The design was inpired by the beautiful etching images in the book. I wanted to capture the grandeur of the North pole and came up with a new idea of creating my “Faux Ammolite” panels to represent the mysterious northern lights! I was very happy with the effect and overall design of this binding with eggshell panels. I love Art Deco. So I enjoy incorporating materials like my creations of “Faux Ivoire” or “Faux Ammolite”. It’s necessary to push the boundaries, to get out of the comfort zone and try out something new! It’s rewarding.

  One of the things that stands out amongst your work is miniature bindings. You’ve made quite a few of them and they boast a dazzling variety. Some are slightly larger than a big coin, yet they have almost all of the characteristics that can be found on a normal-sized binding.
 Why miniature bindings, what makes them so fascinating to you? Can you explain to the readers the intricacies and difficulties of making such a small, often tiny, binding?

I started getting interested in bookbinding via origami. I was folding little origami books out of one sheet of paper. But I couldn’t really write much in it so I came across a little bookbinding manual in a bookstore to see if I could make my own journals. At the beginning it looked so difficult with all the tools one would need to make a properly bound book. So I started making a tiny properly bound blank book by following the instructions in the manual and used whatever simple craft tools I had. After that, I was hooked on bookbinding and wanted to learn more so I started taking workshops with CBBAG.
So just like anything in life, one starts small and your interest grows, and you start to have bigger ambitions. It’s just a natural process. Miniature bindings are a great way to learn all aspects of bookbinding in a smaller scale so it’s more managable for beginners. But a masterpiece in miniature requires the reverse process and it’s definitely more difficult to do than its large counterparts.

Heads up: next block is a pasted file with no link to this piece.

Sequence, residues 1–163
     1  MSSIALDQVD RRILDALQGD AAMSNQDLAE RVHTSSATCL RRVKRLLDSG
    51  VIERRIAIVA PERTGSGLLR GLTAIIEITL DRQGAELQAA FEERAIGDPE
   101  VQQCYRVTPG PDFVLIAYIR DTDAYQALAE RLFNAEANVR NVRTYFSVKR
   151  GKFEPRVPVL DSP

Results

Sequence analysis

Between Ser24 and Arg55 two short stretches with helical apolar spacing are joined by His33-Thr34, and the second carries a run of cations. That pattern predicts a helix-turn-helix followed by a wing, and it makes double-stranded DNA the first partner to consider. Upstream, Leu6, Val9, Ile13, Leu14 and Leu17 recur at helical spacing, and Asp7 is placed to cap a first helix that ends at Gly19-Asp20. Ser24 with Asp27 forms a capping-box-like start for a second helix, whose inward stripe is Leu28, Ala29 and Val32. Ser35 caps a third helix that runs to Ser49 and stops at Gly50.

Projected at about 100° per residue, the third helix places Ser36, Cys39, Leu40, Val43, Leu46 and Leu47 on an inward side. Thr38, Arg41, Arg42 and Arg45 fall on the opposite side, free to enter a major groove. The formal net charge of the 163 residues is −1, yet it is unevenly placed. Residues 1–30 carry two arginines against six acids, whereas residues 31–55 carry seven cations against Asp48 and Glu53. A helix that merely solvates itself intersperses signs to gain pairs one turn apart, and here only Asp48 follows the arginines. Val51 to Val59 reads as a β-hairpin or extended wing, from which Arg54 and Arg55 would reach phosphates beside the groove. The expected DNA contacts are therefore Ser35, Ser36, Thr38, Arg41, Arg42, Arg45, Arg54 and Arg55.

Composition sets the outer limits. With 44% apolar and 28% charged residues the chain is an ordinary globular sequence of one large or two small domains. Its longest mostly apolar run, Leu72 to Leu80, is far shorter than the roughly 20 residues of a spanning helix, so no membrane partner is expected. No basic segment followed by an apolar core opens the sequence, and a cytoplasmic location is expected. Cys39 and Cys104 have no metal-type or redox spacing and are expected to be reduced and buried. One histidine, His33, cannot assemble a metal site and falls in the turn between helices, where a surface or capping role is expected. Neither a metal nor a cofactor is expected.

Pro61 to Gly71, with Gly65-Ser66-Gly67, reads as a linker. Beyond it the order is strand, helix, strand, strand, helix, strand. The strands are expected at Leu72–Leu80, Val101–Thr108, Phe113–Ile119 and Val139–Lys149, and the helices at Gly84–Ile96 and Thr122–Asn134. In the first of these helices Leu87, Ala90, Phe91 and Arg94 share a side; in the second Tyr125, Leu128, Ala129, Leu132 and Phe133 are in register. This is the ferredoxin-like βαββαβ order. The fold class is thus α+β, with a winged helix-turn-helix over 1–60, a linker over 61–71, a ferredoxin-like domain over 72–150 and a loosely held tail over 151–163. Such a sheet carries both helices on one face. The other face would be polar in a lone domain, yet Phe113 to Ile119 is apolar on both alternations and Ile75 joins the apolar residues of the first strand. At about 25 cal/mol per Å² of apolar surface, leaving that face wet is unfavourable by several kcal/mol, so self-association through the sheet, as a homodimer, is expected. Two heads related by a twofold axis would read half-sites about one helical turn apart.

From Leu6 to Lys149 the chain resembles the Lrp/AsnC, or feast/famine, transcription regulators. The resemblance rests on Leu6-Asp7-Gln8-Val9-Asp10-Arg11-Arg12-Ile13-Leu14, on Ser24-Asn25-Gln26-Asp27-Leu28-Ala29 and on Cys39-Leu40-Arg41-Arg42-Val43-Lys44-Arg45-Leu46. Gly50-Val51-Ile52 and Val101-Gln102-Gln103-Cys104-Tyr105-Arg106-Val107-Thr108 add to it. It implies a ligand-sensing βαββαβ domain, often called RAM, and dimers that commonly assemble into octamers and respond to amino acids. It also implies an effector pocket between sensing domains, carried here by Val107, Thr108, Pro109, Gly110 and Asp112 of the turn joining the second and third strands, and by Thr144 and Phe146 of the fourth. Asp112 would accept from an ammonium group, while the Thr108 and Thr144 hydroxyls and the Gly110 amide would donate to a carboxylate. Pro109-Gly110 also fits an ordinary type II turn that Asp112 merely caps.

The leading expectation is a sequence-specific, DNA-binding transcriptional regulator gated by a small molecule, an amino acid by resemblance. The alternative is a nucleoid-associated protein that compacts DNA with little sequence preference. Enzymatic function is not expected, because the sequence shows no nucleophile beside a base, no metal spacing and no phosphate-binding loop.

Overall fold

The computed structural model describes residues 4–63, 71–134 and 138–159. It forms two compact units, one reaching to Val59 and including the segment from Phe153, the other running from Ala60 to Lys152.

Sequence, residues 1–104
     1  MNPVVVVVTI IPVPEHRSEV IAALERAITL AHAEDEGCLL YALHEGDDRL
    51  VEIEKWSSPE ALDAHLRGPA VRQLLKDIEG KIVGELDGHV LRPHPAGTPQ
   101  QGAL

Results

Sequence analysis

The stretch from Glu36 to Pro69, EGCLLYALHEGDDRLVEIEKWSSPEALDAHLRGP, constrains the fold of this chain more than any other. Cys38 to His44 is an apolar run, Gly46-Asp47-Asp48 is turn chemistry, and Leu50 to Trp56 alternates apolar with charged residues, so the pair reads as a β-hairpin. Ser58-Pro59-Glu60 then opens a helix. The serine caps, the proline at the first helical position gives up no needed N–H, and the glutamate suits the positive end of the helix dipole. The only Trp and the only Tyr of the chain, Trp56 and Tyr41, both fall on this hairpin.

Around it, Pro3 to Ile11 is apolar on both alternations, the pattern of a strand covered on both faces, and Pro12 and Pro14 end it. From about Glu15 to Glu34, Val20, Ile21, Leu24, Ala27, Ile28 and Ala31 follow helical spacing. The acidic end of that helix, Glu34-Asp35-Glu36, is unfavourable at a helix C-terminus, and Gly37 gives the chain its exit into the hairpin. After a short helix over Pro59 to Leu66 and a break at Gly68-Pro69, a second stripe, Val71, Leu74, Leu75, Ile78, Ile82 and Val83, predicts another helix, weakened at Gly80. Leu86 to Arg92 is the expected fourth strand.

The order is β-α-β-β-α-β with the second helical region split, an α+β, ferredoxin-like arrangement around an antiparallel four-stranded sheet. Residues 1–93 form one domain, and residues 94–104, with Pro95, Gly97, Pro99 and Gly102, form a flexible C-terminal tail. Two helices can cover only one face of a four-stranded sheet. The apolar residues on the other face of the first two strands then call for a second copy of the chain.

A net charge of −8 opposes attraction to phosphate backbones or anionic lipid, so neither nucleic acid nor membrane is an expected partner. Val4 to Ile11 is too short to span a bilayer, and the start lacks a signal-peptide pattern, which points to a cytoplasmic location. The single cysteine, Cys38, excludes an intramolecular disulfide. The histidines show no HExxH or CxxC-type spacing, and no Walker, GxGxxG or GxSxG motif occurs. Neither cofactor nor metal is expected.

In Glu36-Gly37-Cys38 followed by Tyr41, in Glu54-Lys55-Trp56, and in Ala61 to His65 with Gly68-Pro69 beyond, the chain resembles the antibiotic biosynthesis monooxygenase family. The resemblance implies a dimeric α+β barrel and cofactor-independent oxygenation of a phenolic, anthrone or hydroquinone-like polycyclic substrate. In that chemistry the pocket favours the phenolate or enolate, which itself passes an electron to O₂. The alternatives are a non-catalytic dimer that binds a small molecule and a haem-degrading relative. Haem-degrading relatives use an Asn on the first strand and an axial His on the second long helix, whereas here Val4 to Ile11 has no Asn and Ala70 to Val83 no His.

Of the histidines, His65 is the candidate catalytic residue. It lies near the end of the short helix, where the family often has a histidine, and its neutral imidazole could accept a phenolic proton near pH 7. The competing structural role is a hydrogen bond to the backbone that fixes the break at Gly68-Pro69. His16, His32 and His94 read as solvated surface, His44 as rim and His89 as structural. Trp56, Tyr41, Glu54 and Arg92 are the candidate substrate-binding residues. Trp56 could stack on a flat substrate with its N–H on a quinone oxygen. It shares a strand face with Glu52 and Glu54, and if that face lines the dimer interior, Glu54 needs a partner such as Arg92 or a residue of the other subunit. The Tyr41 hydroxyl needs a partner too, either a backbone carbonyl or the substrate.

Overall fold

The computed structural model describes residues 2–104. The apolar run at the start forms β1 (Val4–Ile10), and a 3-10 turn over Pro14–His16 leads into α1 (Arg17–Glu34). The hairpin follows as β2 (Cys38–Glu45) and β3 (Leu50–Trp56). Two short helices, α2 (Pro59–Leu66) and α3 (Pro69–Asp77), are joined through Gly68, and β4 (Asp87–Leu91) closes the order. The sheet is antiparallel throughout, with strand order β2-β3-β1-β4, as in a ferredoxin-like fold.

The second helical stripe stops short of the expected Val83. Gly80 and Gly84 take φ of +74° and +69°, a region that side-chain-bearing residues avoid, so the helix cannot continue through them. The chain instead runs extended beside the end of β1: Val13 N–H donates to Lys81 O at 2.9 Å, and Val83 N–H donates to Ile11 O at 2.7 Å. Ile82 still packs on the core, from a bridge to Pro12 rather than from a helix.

On to another topic; it is obvious that marbling holds an important place when it comes to your creative identity. Your marbled papers have a distinct character and almost all of your bindings feature them.
 How were you initially drawn to marbling and what kept you to it? How did you go about learning it? And finally how has such an asset -being able to make your own marbled papers that is- affected your creative approach when it comes to binding books?

I am mostly self-taught in marbling. I did take a beginner course in marbling with CBBAG. But it was very basic. I started to marble because I could use my own marbled paper for my own bindings. Like anything, the more you do, the better you get. I experimented for a long time and it eventually evolved into marbling art which I call “Marbled Graphics”™. I love compositions, regular marbled papers don’t satifsy me, so I started creating marbling art with my own compositions. The general public appreciate my marbling as art but most people are not that creative so they don’t know what to do with regular full patterned marbled paper for bookbinding or craft. They think they are just fancy wrapping papers, lol!